The Descendant, Episode 1 on PC
The episodic interactive drama genre has taken off in recent years, thanks in no small part to Telltale Games’ and their slew of critically-acclaimed stories. With The Descendant, Gaming Corps AB hopes to make their own mark on this unique storytelling style. Telling its tale across two intertwined timelines, The Descendant shows us an interesting post-apocalyptic Earth and builds up the story of one high-tech vault built to secure humanity’s future.
The Descendant’s basic premise is nothing particularly new. Threatened with global war and annihilation, humanity constructs enormous vaults to preserve some of its best and brightest. Scientists, doctors, and world leaders chosen as the descendants of humanity are kept in cryogenic stasis, watched over by a select group of blue-collar engineers and laborers, known as janitors. The janitors’ job is simple – keep the vaults running from within until the outside world is ready for humanity’s return.
The Descendant tells its story across two timelines. The first is set during the events that lay waste to the Earth, following a janitor named Mia and her companion Silas as they struggle to keep the highly-advanced Ark-01 vault up and running. The latter timeline, set centuries after humanity’s fall, follows Donnie, another janitor sent with a former senator on a search mission to discover the fate of the same vault, the only remaining Ark that has yet to open its doors.
I was immediately impressed by The Descendant’s look and polished feel, as the graphics and voice acting stand well above what I expected. The story itself is interesting, if perhaps a little stale. The game’s first chapter is a bit short, but the detail is noticeable along the way. The game’s pacing also feels a bit off, as if the developers were struggling to find their footing in this kind of storytelling, but doesn’t come off as so poorly-done as to really detract from the experience.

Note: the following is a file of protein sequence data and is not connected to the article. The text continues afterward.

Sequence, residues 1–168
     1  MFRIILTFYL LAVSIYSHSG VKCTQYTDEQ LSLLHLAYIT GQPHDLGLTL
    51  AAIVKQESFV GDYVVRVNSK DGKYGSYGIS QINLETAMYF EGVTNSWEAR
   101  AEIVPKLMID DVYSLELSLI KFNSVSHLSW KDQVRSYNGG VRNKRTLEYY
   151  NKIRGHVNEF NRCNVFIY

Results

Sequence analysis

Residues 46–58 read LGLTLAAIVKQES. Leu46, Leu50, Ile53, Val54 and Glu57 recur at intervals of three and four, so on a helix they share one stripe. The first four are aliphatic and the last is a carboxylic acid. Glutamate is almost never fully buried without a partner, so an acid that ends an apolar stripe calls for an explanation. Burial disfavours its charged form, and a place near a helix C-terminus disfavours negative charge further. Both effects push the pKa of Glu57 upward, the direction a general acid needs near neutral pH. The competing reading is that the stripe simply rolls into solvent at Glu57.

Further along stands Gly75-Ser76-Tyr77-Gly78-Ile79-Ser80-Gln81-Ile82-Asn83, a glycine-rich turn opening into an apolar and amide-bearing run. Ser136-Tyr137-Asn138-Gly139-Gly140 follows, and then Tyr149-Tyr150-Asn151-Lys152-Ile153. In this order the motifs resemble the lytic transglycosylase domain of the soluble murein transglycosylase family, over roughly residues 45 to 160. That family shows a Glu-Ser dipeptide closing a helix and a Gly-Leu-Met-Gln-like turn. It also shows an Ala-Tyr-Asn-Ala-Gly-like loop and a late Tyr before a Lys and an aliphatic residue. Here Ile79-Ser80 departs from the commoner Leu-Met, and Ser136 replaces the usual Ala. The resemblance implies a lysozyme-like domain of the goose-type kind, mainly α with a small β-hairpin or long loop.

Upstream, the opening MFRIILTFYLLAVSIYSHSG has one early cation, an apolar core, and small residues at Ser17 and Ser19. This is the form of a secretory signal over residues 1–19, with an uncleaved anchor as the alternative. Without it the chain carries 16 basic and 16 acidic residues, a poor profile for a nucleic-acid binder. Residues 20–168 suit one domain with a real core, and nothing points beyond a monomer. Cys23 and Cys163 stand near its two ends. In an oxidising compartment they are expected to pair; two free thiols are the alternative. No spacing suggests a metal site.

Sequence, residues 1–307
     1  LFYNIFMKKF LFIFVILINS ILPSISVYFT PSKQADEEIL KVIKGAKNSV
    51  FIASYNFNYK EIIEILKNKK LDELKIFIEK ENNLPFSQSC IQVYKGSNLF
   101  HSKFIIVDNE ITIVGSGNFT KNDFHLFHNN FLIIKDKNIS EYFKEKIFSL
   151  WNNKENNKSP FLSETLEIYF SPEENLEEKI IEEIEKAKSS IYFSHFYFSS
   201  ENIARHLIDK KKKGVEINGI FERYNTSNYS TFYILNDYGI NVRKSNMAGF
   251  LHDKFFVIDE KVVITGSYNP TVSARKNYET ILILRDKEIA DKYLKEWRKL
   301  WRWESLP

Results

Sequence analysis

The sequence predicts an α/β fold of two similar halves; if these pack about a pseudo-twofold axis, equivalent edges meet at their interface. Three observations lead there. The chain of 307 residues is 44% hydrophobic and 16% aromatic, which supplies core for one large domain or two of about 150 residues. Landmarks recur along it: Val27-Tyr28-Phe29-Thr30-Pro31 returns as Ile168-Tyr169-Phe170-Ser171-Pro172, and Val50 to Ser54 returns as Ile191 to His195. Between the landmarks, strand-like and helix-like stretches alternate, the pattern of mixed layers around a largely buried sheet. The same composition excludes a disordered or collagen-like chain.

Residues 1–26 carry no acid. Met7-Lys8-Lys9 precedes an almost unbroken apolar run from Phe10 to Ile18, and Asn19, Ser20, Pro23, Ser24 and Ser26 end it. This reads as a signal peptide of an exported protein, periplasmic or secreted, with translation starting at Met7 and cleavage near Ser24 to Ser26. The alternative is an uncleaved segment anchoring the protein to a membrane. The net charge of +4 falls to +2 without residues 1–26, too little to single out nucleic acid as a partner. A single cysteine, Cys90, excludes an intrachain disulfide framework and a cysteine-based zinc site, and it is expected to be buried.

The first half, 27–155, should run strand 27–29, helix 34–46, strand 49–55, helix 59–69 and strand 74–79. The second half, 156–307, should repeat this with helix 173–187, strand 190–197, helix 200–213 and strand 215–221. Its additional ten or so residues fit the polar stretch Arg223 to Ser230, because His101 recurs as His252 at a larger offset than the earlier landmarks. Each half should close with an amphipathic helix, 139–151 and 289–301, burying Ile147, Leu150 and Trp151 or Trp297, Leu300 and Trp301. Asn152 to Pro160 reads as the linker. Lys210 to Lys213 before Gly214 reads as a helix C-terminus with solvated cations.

Given that The Descendant is probably the first non-Telltale interactive drama I’ve played, it’s not surprising that it felt a bit stiff. The genre has its limits in some ways, and creating an experience that stands up to the finely-crafted stories that largely build on existing narratives. The lack of connection to an established world serves as a minor detriment, since it means that the game must not only tell its story, but also provide the required immersion to set the stage.
Despite these difficulties, though, The Descendant still creates a worthwhile experience. The game’s first episode is filled with tense moments and player-driven narrative that includes the expected degree of direct impact on how the story plays out. Some of this isn’t as obvious on a single playthrough as it might be in some of the more well-known entries in the genre, but there’s still a definite feeling that the player’s decisions and actions matter, and that’s incredibly important.
The Descendants may not stand up to Telltale’s nearly-uncontestable mastery of the interactive drama, but I definitely feel that genre fans owe themselves a look. Given the first episode’s dirt-cheap $2.99 buy in on Steam, there’s little reason not to give it a chance. Those who’ve decided they like what they find can pick up the upcoming Episode 2-5, along with a digital art book and soundtrack, for $14.99.